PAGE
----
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Wednesday, March 28, 2018

This Week in Satellite News! (Mar 19 – Mar 26 2018)

SpaceX launch of Iridium NEXT-5 delayed due to issue with satellite

The launch of a SpaceX Falcon 9 rocket that had been planned for Thursday from Vandenberg Air Force Base was postponed early Tuesday afternoon due to an apparent issue with one of the satellites in the rocket's payload.
The launch is now tentatively planned for Saturday but could be pushed to next week if the issue remains, according to Matt Desch, the CEO of Iridium Communications, which plans to send the fifth set of 10 NEXT satellites into orbit with the launch.

Image result for iridium next 5
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Air Force stakes future on privately funded launch vehicles. Will the gamble pay off?

The schedule is getting tight for the U.S. Air Force as a 2022 deadline looms to bid farewell to the Atlas 5 and switch to a different rocket that is not powered by a Russian engine.
The target date was mutually agreed by Congress and the Air Force in 2016, allowing what was considered sufficient time to find alternatives to the United Launch Alliance’s Atlas 5 that uses the Russian RD-180 engine. The solution they settled on was for the Air Force to sign deals with the space industry to co-finance the development of new rocket propulsion systems.
The program known as the Launch Service Agreement (LSA) fits the Air Force’s broader goal to get out of the business of “buying rockets” and instead acquire end-to-end services from companies.

Screen Shot 2018-03-25 at 6.02.43 AM
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New National Space Strategy emphasizes “America first” policies

A new National Space Strategy announced by the White House March 23 fits into an “America First” theme of the Trump administration, seeking to protect American interests in space through revised military space approaches and commercial regulatory reform.
The strategy was announced in a statement released by the White House. The strategy document itself has not been released, and an administration source says the release is intended to serve as the primary fact sheet for the strategy.

National Security Advisor H.R. McMaster discussed development of a National Space Strategy at the National Space Council meeting Feb. 21 at NASA's Kennedy Space Center. The White House formally announced the strategy March 23. Credit: NASA TV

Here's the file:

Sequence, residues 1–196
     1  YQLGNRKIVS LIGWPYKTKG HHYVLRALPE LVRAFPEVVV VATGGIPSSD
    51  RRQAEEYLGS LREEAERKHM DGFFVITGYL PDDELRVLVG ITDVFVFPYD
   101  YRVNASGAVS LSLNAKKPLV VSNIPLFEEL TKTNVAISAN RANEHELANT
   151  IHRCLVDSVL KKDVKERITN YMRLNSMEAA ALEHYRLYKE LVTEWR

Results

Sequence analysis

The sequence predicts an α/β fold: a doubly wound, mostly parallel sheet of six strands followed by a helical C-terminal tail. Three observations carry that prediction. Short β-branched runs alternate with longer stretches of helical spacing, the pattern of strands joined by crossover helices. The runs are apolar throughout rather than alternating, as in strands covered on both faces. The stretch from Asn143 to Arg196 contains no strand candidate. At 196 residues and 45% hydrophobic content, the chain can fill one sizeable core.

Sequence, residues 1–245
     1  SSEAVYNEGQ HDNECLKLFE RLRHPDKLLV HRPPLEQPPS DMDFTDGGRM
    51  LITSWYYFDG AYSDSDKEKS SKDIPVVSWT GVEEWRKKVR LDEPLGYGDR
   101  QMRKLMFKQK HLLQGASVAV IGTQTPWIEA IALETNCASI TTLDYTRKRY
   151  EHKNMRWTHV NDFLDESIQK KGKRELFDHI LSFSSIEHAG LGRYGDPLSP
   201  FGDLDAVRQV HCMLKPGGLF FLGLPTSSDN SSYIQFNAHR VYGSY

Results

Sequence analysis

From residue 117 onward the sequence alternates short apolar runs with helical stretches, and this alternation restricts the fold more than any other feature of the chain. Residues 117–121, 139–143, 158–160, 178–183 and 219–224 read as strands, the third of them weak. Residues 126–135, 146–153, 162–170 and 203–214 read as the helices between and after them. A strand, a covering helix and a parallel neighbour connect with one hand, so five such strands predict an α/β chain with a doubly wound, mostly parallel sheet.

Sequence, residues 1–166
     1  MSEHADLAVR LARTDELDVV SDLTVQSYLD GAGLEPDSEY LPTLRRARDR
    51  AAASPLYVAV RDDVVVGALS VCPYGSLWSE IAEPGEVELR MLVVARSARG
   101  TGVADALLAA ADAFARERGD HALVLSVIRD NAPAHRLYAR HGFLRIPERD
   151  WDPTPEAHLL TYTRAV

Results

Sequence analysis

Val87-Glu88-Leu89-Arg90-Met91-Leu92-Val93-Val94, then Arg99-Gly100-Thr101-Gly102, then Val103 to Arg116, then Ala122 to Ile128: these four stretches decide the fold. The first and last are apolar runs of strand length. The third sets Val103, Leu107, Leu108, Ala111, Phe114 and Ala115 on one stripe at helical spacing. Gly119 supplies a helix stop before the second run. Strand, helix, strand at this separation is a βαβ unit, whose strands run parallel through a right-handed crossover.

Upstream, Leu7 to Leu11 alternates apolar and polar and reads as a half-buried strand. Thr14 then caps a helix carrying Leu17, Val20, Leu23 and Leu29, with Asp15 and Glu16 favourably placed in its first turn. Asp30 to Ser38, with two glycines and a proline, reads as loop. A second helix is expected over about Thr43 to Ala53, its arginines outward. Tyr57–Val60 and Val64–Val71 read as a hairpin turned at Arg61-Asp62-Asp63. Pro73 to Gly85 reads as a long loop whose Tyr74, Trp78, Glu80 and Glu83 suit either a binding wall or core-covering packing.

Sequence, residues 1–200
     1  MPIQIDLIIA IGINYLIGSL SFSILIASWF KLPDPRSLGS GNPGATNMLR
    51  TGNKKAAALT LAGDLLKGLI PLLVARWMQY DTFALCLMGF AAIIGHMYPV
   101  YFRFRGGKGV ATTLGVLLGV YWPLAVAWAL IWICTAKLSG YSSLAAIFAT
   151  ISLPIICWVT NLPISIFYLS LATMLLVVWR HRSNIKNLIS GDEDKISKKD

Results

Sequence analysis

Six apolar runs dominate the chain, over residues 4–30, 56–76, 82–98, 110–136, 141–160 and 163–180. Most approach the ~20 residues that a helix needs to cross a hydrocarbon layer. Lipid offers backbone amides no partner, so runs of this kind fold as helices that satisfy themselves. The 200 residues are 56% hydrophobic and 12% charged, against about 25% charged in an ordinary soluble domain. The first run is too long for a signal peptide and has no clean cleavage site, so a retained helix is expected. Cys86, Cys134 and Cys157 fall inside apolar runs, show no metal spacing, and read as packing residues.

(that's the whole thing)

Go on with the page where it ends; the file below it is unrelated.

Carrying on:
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Scepter Inc. unveils plan for global atmospheric monitoring constellation

Scepter Inc., a Silicon Valley startup, unveiled plans March 22 to launch a constellation of satellites to provide global atmospheric monitoring services for government and commercial customers.
Scepter, which has been in stealth mode for approximately two years, is beginning to reveal plans and solicit investment after receiving a U.S. government patent in mid-March to use space-based sensors to obtain detailed information on various gases in vertical columns of air, combine the information with other data sources, analyze it and present it to customers in visual formats.

Philip Father, Scepter chief executive, and entrepreneur Rafay Khan, discuss plans for a global constellation of atmsopheric-monitoring satellites at Space Systems Loral.
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Exos Aerospace prepares for first suborbital launch

With a key test completed and a launch license in hand, Exos Aerospace is preparing for the first flight of its reusable suborbital rocket in April.
In a statement, the company said it completed a “hover test” of its Suborbital Autonomous Rocket with GuidancE, or SARGE, rocket at its Caddo Mills, Texas, facility March 17. In the test, the rocket, suspended from a crane, fired its engine to hover in place, demonstrating the performance of its propulsion, guidance, and other systems.

Exos SARGE hover test
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Belgian court punches hole in Inmarsat’s European Aviation Network

A Belgian court revoked approval for Inmarsat’s European Aviation Network in the country after fleet operator Viasat challenged the legality of its authorization.
The Market Court of the Brussels Court of Appeal on March 14 said it has annulled the Belgian Institute for Postal services and Telecommunications (BIPT) approval of Inmarsat’s use of terrestrial towers for the network, designed to provide Wi-Fi inflight for aircraft over Europe. The reversal threatens to rip a hole, albeit a small one, in the network Inmarsat completed just last month.

EAN Tower Inmarsat
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OneWeb asks FCC to authorize 1,200 more satellites

Citing recent reforms that provide more time to orbit a new satellite constellation, satellite broadband-startup OneWeb asked U.S. telecom regulators to nearly triple the size of its authorized low-Earth-orbit constellation.
The Federal Communications Commission (FCC) in June approved OneWeb’s request to serve customers in the United States using a constellation of 720 satellites. Writing to the commission March 19, OneWeb asked that the company be permitted another 1,260 satellites, bringing the total number to 1,980 spacecraft.